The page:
Switch to Modified Short Circuit MIG (RMD) to Significantly Improve Welding Productivity | MillerWelds

Switch to Modified Short-Circuit MIG (RMD®) to Significantly Improve Welding Productivity

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Modified short-circuit GMAW provides improved puddle control and significant productivity gains in many shop and field applications.
RMD welding in the field
Better control of the weld puddle

Help welding operations stay competitive

As organizations look for ways to improve profitability and maintain a competitive edge, there are solutions and technologies available that can help drive productivity and quality in field and shop welding applications.

Welding plays a significant role in the timely completion of construction projects — both pre-fabrication in the shop and installation on the jobsite. Making the switch from traditional welding processes to a modified short-circuit MIG process provides improved puddle control and significant productivity gains in many shop and field applications, while maintaining and sometimes improving weld quality.

Much of the return on investment in wire processes comes from increased productivity. Most of the costs associated with welding in the field are related to labor — approximately 80%. So, giving welders advanced technology and equipment helps improve their productivity, saving significant time and money in the long run.

This can help welding operations stay competitive and maintain the highest levels of quality and productivity. At the same time, they can address numerous challenges, including a growing welding operator shortage, changing materials and shortening project timelines.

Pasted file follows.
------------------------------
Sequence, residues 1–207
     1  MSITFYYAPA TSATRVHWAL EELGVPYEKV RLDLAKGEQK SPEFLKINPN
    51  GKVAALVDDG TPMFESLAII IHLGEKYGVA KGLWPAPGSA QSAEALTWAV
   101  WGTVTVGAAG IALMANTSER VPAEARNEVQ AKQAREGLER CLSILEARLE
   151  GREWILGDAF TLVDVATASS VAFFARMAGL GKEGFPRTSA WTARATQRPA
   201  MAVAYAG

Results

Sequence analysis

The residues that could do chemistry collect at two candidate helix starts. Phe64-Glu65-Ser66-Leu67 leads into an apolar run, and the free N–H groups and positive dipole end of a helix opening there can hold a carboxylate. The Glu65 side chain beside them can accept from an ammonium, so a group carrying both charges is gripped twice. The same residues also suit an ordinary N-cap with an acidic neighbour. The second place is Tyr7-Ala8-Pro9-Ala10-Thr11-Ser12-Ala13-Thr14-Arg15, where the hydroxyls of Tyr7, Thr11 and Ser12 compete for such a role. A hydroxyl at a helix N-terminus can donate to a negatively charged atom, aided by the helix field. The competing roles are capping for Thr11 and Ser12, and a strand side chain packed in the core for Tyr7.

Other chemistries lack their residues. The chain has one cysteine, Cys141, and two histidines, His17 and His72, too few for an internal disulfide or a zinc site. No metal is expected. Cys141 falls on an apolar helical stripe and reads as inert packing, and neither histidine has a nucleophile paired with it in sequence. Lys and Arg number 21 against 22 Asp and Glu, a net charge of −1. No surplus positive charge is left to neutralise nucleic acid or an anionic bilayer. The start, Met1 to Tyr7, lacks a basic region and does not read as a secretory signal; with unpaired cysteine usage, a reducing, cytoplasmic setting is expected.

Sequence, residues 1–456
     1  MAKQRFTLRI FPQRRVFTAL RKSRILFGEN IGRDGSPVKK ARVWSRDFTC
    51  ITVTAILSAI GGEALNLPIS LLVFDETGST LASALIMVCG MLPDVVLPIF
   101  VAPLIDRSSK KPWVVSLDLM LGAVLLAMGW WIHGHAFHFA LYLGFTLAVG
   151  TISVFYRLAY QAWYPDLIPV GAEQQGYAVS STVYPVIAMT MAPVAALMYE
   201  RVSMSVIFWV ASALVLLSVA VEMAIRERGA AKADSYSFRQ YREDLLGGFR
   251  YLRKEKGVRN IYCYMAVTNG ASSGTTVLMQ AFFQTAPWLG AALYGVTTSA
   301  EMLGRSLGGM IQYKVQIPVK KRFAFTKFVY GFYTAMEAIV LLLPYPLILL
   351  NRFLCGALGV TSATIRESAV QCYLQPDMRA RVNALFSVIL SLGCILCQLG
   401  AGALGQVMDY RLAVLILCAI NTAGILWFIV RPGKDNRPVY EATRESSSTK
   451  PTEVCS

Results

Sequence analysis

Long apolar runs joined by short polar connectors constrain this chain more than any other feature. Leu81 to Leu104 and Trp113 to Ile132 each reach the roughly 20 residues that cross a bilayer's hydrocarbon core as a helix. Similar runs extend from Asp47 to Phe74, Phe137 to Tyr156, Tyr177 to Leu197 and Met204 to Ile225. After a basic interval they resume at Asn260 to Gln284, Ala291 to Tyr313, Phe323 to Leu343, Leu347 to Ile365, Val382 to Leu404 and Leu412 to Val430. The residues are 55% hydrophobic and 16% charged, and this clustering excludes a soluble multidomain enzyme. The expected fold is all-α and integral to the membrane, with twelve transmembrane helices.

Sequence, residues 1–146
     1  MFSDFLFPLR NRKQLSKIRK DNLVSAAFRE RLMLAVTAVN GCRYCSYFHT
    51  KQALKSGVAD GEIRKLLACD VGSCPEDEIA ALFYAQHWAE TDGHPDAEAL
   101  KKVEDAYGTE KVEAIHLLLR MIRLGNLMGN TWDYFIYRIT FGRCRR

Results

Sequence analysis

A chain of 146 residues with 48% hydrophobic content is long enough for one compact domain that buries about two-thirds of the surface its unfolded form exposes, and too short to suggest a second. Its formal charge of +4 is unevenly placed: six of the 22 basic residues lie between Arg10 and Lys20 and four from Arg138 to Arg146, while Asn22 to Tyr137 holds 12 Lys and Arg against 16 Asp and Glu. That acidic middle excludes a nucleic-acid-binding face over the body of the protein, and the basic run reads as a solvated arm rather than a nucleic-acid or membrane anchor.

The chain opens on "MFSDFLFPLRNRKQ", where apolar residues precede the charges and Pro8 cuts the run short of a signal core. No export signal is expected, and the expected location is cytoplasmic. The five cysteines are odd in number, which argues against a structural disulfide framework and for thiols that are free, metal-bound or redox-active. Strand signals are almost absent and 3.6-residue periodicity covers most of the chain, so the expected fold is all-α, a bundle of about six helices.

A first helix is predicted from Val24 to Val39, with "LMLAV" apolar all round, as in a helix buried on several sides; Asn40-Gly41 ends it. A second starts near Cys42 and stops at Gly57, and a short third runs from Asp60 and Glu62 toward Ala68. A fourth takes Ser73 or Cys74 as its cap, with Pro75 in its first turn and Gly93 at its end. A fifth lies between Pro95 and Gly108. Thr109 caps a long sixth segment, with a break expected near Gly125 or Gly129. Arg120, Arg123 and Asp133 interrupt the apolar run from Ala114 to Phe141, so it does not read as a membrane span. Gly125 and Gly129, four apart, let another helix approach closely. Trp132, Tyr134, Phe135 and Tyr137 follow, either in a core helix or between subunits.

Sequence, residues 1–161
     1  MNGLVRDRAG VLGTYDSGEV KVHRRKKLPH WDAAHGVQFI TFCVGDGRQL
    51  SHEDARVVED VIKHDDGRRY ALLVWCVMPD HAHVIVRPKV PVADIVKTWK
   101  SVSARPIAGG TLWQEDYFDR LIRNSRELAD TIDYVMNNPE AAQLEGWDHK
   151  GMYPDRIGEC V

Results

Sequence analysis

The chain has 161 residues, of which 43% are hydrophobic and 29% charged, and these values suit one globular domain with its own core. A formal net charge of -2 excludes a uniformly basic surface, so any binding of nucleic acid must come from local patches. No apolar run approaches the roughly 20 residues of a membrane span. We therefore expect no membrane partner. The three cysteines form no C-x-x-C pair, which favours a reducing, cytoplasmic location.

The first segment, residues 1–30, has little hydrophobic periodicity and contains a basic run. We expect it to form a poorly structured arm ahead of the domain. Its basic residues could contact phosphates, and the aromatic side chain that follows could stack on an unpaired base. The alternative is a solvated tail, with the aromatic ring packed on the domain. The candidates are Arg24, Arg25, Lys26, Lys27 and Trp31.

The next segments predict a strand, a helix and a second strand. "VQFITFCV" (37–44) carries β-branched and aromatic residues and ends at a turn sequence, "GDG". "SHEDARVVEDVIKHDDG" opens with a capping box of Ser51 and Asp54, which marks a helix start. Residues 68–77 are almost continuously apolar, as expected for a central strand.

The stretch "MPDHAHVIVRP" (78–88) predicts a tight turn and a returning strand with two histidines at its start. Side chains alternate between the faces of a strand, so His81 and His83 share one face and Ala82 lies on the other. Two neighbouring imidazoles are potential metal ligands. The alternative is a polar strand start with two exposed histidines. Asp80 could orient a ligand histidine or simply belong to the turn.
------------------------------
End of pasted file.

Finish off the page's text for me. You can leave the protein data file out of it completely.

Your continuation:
How does modified short-circuit GMAW work?

A modified short-circuit MIG process offers numerous benefits that can help improve productivity, efficiency and quality. In a modified short-circuit MIG process, such as Regulated Metal Deposition (RMD) from Miller Electric Mfg. LLC, the welding system anticipates and controls the short circuit, then reduces the welding current to create a consistent metal transfer. This precisely controlled metal transfer provides uniform droplet deposition, making it easier for the welding operator to control the weld puddle. These processes are also more forgiving to variations in fit-up or changes in the wire stickout.

A key differentiator of a modified short-circuit GMAW process is the greater control of the current during the transfer process. This results in a smoother transfer and a calm weld puddle that’s easier for the operator to read. This can help a less-experienced welding operator complete quality welds more efficiently.